The adults in this world who worry about children are more worried than ever.
That, of course, should be no surprise: In hard times when resources are limited and social programs in general are at risk, those for children are even more so. "The payoff," says James R. Grant, executive director of the United Nations Children's Fund, which today celebrates its 36th birthday, "is so much slower.
"Although we're at the end of 35 years of unprecedented progress for children, for the first time in the post World War II era, that progress is now under challenge."
In response to that challenge, representatives of UNICEF, other U.N. agencies, the World Health Organization, World Bank, World Food Council, among others, have been brainstorming for some months to find a way to continue the progress that has seen "a greater reduction of child mortality, greater improvement of health . . . in the last 35 years than in the preceding 500 to 1,000 years."
They think they have found a way even, as Grant puts it, "in these dark times."
Based on a series of medical breakthroughs, along with 3 1/2 decades of intense field work and educational programs, UNICEF and its fellow agencies are today unveiling--internationally -- a "State of the World's Children" program they optimistically expect to create as great a revolution in worldwide child care as the so-called "green revolution" of the 1960s and '70s did for worldwide agriculture.
The four-pronged program (aimed mainly at developing nations, but also useful in rural and urban areas of the so-called developed) is dependent on a delivery system that has been burgeoning over the past decades: ranging from the training and placement of village health workers--100,000 in India alone--to the proliferation of communication devices as simple as the battery-operated transistor radio.
The program is called GOBI, an acronym for its concerns: growth charts, oral rehydration therapy, breast-feeding and immunization. It is the oral rehydration therapy (ORT) and the immunization that contain the potential for dramatic and immediate medical impact on the most children.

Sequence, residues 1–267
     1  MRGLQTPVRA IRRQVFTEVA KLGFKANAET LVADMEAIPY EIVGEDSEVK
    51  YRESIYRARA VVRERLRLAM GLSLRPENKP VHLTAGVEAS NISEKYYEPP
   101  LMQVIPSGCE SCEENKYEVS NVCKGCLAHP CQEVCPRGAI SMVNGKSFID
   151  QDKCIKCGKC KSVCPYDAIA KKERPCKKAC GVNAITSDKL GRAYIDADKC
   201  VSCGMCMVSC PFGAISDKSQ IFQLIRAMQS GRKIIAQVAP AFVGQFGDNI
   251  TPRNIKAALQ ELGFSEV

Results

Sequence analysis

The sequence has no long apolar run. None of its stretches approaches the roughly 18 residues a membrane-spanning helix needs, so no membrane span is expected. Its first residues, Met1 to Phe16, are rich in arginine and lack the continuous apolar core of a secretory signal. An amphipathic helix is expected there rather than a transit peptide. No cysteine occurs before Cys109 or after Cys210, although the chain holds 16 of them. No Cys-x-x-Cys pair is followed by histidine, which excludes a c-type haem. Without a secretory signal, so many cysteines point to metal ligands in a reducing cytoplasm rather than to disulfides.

Oral rehydration is a medical term for the restoration of vital fluids lost by infants and young children with diarrhea: the direct cause of about 5 million children's deaths a year, and indirect cause of millions more because of lowered resistance and malnutrition.
Within the past decade--borrowing in part from a Southeast Asian folk remedy -- medical science has discovered that fluids administered by mouth can be absorbed by the diarrhea-ridden small bodies only when a formulation of salts and sugar accompanies the liquid, restoring both fluid and electrolyte balance. A pre-mixed packet of six parts sugar to one-half part salt, is now available, inexpensive and ready for international distribution. It need only be mixed with water to perform its lifesaving function.
Along with the development of the ORT packets come vaccines that no longer require constant refrigeration -- until now a major deterrent to providing the world's children with immunities to polio, diphtheria, tetanus, whooping cough, measles . . .
Those are the contributions of science.
But so simple a thing as a return to breast-feeding -- disastrously undermined in the past decade or so by misleading and incomplete information touting the virtues of prepared formulas -- can be part of the children's health revolution. An even simpler concept -- the individualized growth chart for each baby -- can be a tool for modifying the habits of a village mother. It is a lure to bring her into regional clinics where inadvertent malnutrition can be spotted on the chart, where a baby can receive second and third immunization shots when needed, where the mother can learn about such things as family spacing and proper nutrition.
It could be, says Grant, "a virtuous circle." For reasons only partially understood, as child mortality rates drop, so do birth rates, usually at an even greater rate. Part of this may be attributed to the statistically significant, although only partially effective, contraceptive effect of breast-feeding.
In any case, the program is ready to start. "You could," says Grant, "cut the death rate of children in low-income countries in half in the next 10 to 15 years for a very low cost--financial or political."
For copies of the UNICEF "State of the World's Children" report and more information on GOBI, write Information Division, UNICEF, New York, N.Y. 10017.